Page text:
In January 2011 a series of floods hit Australia, primarily in Queensland. The small town of Grantham, 100km west of Brisbane, was particularly hard hit when sudden flash flood raced through its CBD. A downpour in the nearby catchment areas of the Lockyer Valley saw a larger torrent of water sweep through the valley, destroying properties and resulting in the loss of 12 lives.
Nearly two years after the event, most have not forgotten, but look forward to a brighter future with a new Grantham being established on a flood free development. In an unprecedented move, and a first for Australia, the Lockyer Valley Regional Council (LVRC) purchased private land adjoining the existing Grantham township to permanently relocate the town, offering residents the opportunity to move to higher, safer ground. A land swap ballot was arranged where flood affected residents could swap land for a site in the new estate for affected residents.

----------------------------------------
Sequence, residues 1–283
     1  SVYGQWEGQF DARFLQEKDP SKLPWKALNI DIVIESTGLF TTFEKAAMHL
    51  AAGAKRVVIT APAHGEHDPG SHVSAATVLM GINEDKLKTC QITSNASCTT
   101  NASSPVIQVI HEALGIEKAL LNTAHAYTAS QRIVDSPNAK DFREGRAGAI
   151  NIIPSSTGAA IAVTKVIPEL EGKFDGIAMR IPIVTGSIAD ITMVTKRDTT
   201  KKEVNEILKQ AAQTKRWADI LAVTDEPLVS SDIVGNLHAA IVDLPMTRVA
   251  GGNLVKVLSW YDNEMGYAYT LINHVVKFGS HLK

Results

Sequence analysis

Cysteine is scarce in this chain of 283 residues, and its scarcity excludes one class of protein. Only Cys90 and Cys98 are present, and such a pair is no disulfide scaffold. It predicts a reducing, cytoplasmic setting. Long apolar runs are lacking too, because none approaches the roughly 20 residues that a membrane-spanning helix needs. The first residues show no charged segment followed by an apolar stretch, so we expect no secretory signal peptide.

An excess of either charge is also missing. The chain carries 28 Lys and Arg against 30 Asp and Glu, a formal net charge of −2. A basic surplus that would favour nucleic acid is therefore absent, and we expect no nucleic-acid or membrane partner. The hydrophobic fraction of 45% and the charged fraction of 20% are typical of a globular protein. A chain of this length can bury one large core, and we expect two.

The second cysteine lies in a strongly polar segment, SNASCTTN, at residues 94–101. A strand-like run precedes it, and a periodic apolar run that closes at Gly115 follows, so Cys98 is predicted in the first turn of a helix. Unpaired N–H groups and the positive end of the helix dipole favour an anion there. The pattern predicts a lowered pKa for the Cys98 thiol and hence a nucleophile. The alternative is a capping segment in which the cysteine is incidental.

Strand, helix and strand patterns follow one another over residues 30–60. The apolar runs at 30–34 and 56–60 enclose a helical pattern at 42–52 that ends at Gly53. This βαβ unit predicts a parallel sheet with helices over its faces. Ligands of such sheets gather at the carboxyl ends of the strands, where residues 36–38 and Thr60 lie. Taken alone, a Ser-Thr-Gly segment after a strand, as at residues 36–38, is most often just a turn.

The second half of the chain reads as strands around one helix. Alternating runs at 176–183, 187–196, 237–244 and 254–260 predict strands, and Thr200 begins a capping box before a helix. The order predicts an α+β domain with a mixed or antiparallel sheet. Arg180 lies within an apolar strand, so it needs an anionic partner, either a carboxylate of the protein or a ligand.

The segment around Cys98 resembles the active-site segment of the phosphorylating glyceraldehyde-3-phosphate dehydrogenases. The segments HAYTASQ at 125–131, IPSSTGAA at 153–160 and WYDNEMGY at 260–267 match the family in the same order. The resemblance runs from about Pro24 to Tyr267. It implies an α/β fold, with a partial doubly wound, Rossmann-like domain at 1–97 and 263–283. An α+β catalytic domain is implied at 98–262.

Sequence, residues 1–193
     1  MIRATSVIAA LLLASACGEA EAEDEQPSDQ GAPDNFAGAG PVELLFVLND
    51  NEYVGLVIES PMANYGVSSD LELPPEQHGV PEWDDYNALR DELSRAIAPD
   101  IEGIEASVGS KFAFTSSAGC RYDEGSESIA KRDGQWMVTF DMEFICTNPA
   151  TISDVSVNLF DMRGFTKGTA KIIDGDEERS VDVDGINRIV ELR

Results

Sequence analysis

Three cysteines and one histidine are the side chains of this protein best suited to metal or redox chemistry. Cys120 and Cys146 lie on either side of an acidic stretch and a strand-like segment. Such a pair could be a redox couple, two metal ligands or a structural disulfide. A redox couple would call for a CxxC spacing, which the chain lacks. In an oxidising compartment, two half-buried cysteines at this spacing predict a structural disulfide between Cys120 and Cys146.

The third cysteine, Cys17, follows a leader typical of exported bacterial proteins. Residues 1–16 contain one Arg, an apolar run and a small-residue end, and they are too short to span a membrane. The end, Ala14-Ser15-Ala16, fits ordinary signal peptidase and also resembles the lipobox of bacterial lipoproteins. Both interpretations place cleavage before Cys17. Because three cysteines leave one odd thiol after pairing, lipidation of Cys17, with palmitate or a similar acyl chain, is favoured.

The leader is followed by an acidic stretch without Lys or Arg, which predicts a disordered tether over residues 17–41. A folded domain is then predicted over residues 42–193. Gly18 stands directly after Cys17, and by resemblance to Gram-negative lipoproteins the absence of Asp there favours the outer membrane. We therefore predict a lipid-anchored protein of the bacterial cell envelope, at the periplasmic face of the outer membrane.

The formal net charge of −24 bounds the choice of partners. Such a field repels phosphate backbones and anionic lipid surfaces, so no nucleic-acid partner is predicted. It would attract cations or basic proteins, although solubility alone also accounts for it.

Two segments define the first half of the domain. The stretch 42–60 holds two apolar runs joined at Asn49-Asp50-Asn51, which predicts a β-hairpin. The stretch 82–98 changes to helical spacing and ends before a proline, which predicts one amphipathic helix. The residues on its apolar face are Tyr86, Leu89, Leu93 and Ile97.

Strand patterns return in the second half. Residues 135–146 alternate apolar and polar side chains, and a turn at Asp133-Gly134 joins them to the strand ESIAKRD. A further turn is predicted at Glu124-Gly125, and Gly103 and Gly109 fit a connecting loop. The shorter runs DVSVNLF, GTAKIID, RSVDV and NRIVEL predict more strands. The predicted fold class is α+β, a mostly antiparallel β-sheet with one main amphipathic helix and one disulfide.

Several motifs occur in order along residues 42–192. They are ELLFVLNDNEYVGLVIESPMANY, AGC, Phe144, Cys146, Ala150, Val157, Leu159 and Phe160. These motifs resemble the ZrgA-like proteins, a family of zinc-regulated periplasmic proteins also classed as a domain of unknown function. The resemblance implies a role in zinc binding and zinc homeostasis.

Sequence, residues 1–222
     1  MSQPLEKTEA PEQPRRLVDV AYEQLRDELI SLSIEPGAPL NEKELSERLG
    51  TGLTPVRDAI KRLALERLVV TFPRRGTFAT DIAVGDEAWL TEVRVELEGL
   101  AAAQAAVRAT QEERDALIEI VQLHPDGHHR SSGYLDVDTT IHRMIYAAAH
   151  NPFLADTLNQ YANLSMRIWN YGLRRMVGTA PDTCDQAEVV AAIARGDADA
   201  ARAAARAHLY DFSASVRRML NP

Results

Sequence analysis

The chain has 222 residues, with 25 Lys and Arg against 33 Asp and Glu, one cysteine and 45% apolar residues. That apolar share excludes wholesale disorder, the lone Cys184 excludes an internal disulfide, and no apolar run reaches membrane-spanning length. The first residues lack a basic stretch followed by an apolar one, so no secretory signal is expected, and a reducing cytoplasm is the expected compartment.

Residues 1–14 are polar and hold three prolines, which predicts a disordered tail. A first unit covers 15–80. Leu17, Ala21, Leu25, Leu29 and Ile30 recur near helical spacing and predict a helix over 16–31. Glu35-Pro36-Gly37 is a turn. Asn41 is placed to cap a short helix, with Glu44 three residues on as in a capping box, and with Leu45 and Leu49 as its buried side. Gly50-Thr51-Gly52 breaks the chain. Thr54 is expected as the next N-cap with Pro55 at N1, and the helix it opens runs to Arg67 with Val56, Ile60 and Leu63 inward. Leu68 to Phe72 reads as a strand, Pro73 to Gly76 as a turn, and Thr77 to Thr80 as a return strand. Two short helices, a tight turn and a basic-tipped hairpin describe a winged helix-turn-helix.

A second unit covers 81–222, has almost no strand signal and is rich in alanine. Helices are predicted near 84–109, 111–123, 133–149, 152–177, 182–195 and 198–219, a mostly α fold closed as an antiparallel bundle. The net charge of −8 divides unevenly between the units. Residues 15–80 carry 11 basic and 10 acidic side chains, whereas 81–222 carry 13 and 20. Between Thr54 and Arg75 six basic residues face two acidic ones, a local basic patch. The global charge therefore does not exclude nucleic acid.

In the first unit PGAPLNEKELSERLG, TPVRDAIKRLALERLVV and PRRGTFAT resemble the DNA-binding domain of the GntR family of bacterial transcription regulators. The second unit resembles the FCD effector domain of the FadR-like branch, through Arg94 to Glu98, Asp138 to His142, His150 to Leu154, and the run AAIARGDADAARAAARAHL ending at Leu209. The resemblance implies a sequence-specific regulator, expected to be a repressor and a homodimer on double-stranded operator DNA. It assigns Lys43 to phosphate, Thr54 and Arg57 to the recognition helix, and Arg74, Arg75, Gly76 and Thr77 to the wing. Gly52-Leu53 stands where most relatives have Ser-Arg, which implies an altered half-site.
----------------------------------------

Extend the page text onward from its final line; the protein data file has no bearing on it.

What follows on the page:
Commissioned as the Lead Consultant (Project Manager) and working closely with the Queensland Reconstruction Authority, Cardno managed the preparation of Grantham’s Master Plan. Whilst the ‘Strengthening Grantham’ planning process proceeded, detailed engineering reporting and designs were underway which allowed a fast tracked construction of the new community.
Stage 1, the relocation phase, involved concept planning, detailed subdivisional design and construction of 80 fully serviced large allotments within an eight-month period, which was an unprecedented achievement. Cardno worked closely with LVRC, government and the community to ensure the target of some residents living in their homes on the new estate by Christmas 2011 (11 months after the flood) was met.
Cardno’s subsequent work to rebuild lives and homes in Grantham has been recognised with two excellence awards by leading industry bodies – the UDIA (Urban Development Institute Australia) and the IPWEAQ (Institute of Public Works Engineering Australia, Queensland).